Tuesday, December 5, 2023

Review: Beowulf, translation by Maria Dahvana Headley

The rhythm of the translation was almost distractingly delightful to read over audiobook. The alliteration and assonance and word play were often very fun. However, I found many of the very-modern translations a little jarring: "hashtag blessed", "dude" (although I like "bro" and "swole"--they bridge modernity and antiquity better), and "no shit". I appreciate the author's avoidance of anachronistic archaic words like "betwixt" but it was too much for me. This passage perhaps best encapsulates the highs and lows of the translation:

They cornered it, clubbed it, tugged it onto the rocks,
stillbirthed it from its mere-mother, deemed it
damned, and made of it a miscarriage. They
examined its entrails, awed and aggrieved.
Meanwhile, Beowulf gave zero shits.

The translator set out to bring to life the women in the story, and I think she succeeded well at this. The most memorable passages were the battle with Grendel's mother and with the (female) dragon. Who, really, were the victims versus the monsters in the tale? These women wielded power in their own right, they had motivations of their own and justifications for their actions.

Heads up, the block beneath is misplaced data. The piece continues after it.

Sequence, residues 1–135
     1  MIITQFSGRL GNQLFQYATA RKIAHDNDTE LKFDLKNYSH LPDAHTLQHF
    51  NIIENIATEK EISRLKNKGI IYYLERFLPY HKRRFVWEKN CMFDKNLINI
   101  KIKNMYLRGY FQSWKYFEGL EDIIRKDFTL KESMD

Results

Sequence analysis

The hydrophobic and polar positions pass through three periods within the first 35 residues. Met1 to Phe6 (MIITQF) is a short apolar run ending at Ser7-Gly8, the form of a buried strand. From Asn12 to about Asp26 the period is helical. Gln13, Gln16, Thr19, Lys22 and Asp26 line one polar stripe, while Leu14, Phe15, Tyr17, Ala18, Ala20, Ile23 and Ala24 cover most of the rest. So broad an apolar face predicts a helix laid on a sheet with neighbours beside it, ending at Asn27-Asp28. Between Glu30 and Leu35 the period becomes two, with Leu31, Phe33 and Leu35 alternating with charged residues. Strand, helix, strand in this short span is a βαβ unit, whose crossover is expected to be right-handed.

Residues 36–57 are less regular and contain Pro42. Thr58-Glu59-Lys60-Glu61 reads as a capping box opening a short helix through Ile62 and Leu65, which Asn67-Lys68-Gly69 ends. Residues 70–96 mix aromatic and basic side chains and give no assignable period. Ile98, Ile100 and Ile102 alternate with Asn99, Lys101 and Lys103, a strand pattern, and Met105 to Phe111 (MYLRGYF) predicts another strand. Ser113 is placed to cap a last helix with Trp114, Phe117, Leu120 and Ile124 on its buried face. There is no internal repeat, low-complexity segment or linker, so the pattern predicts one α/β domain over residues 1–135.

Old stories prompt reflection of changes in storytelling and morality. The pacing of the poem feels off for modern senses: the first battles happen very quickly, and don't follow the typical incite/failure/reflection/success pattern expected of a hero's journey. The battles are unexpectedly brief relative to the lavish scenes of gift giving or funeral rites that follow them. This difference in emphasis is a good peek into how important kin bonds and rewarding loyal armsmen was to the social structure of the time. The Odyssey is similar in this way, but Emily Wilson's modern, feminist translation is much better.

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